Where did all the law jobs go? And are they coming back?
Good questions. More on that in a second. But first, we have to say that we’re frankly tired of hearing law students and newish JDs moaning about the dearth of lawyer jobs to be had. Particularly grating are the complaints that it’s somehow somebody else’s fault that they’ve got all this debt and no six-figure job to show for it. Most of these put the blame on law schools for hoodwinking them into thinking the job market for attorneys was awesome. We don’t get that — people who go to law school are grownups, adults with college degrees, but these ones are acting like they’re still kids. Come on, at some point you have to be responsible for your own decisions. Childhood ended a long time ago. Anyway, one would think that someone intending to become a lawyer would have had the basic ability to research what the real job market was like. A simple Google search would have turned up a plethora of articles and discussions about it, going back to mid-2008. If they really had no clue what they were getting into, then they really need to re-think whether they’re in the right profession.
And if they’d bothered to research just a tad more, they’d have found that this ain’t the first time law jobs have been harder to come by. This kind of thing happens every now and then. It’s cyclical, just like anything else. Demographics, economic cycles, and the coming and going of fads have all affected whether there’s enough hiring going on.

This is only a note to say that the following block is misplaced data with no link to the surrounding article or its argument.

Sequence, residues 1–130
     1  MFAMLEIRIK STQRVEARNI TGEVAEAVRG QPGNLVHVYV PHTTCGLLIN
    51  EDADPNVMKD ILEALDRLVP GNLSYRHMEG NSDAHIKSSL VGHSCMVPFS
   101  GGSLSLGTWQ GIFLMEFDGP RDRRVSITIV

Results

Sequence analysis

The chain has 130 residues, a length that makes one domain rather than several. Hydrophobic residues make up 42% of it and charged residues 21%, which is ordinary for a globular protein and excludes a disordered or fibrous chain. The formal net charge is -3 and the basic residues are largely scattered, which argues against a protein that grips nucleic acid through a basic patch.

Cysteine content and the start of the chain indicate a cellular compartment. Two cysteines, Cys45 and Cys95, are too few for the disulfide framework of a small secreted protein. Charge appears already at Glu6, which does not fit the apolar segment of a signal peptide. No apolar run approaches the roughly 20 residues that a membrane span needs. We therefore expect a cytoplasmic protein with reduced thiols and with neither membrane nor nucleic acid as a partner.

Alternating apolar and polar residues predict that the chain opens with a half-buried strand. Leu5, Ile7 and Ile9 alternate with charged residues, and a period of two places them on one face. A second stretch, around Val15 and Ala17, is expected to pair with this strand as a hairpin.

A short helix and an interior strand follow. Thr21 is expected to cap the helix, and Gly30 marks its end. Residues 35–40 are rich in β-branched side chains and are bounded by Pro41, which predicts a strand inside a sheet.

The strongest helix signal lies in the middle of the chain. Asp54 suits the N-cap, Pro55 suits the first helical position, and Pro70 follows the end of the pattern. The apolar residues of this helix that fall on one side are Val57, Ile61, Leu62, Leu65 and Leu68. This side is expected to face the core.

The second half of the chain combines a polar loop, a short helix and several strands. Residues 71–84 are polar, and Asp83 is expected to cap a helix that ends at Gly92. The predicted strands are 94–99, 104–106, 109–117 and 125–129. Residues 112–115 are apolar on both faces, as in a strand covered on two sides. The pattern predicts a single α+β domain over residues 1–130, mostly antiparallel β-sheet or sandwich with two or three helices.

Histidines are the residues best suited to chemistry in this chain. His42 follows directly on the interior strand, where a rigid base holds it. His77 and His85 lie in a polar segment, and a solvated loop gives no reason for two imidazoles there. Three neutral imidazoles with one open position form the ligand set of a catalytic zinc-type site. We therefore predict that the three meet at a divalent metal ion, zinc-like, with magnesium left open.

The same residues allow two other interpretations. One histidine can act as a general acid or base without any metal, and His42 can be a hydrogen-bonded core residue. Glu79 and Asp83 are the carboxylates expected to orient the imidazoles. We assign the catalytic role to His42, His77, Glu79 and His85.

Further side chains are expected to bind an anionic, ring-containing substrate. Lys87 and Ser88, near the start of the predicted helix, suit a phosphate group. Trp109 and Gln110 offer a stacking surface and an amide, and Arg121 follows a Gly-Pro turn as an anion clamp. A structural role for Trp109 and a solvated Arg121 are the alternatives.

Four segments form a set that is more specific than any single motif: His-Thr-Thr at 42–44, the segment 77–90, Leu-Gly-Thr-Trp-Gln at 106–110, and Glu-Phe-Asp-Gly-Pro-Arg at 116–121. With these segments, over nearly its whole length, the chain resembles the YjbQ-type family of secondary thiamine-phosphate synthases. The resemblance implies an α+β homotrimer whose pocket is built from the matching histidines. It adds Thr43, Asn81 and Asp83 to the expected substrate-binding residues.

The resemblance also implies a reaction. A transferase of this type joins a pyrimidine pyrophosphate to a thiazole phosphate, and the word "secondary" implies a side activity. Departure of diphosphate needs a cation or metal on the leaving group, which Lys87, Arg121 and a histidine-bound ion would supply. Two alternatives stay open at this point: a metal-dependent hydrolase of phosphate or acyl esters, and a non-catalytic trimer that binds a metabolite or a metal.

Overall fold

One need not understand why it was happening. But for college-graduate adults to not even know that it was happening? And to make life-changing, debt-incurring decisions based on law schools saying their graduates had good-paying jobs? (Or worse yet, based on a fantasy that has never been true, that anyone but the top grads from the top schools would be making the big bucks right out of law school?) That’s just idiotic. Such complaints call into question the very ability of the complainer to have practiced law in the first place. It makes you sort of glad they didn’t find a job, kinda.
Although one need not understand why it was happening, however, it’s still worthwhile asking the question. We’ve had our own theories, but they’re based more on intuition and anecdote than on any rigorous analysis. So it’s good when, from time to time, someone pops up with an explanation.